I missed Kilchoman on my mini tour of Islay in December and so here now is a review of a Kilchoman. (I also missed Bunnahabhain and Bruichladdich and will be stopping in at both of those distilleries this week as well.) I was a big fan of Kilchoman’s early releases of very young bourbon casks but have somehow lost track of them in the last five years or so. I’d hoped they’d graduate to putting out a regular 10-12 yo and it doesn’t seem like that’s happened yet. Their website only lists four NAS releases in their core lineup (of which I’ve reviewed releases of the Machir Bay and 100% Islay) and several annual limited editions. This was one of their limited editions for 2020, vatted from spirit fully matured in 11 fresh and one refill fino sherry butt. Let’s see what it’s like. Continue reading
Let’s make it a week of Islay whiskies. On Monday I had a review of an 18 yo Laphroaig and yesterday I had a review of a 10 yo Bowmore. We have another big drop in age today, all the way down to 3 years old, the legal minimum for Scotch whisky; and we’re also moving from the larger, more established and storied distilleries to a small upstart. Kilchoman, the small Islay farm distillery (which I visited briefly last June), only started distilling in late 2005. I believe the first official whiskies were released in 2009. There were a bunch of cask strength releases in the US in mid-2010. I still have some of at least one of these saved (the Binny’s cask) and will probably get around to reviewing it one of these decades. At around the same time they had begun to release larger vattings at 46%. There were a number of these seasonal releases for at least the first few years—I confess I’ve sort of lost sight of what Kilchoman has been up to in recent years, despite rather liking all the early releases I’d tried. Well, maybe I’ll try to address that.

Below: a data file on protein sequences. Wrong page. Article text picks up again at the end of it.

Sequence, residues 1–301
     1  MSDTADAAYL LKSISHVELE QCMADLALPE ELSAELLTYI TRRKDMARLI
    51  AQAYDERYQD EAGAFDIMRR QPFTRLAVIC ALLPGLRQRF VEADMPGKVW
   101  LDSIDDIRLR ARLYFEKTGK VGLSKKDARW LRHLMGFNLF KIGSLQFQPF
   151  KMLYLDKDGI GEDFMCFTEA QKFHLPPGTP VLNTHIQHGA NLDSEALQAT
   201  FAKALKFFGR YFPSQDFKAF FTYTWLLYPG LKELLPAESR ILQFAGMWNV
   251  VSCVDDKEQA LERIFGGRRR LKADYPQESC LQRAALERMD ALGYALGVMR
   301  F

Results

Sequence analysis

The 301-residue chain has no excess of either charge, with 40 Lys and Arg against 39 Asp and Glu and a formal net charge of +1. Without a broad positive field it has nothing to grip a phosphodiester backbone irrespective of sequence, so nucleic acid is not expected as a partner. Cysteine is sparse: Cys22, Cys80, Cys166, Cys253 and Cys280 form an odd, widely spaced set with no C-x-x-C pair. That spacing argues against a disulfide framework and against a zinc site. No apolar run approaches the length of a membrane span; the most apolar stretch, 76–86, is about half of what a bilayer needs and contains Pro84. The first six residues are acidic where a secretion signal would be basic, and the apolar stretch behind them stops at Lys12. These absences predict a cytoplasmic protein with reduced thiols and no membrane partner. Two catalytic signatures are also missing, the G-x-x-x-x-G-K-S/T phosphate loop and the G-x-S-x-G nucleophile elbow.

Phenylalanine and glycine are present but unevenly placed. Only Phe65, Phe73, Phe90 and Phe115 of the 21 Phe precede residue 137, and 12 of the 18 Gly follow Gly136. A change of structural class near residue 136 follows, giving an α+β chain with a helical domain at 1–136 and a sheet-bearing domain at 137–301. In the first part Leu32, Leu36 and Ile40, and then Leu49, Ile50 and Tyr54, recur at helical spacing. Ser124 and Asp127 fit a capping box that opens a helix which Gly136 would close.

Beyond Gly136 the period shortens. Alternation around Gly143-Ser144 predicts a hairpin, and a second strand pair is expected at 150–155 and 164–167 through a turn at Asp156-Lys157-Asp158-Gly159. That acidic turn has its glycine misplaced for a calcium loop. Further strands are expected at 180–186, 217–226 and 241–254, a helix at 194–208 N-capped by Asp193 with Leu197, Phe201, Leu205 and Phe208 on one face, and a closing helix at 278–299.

Meanwhile, here’s a blast from the past. This was put together in a complicated way with a mix of bourbon and sherry casks—a finish may have been involved (I’m too lazy to look it up). Continue reading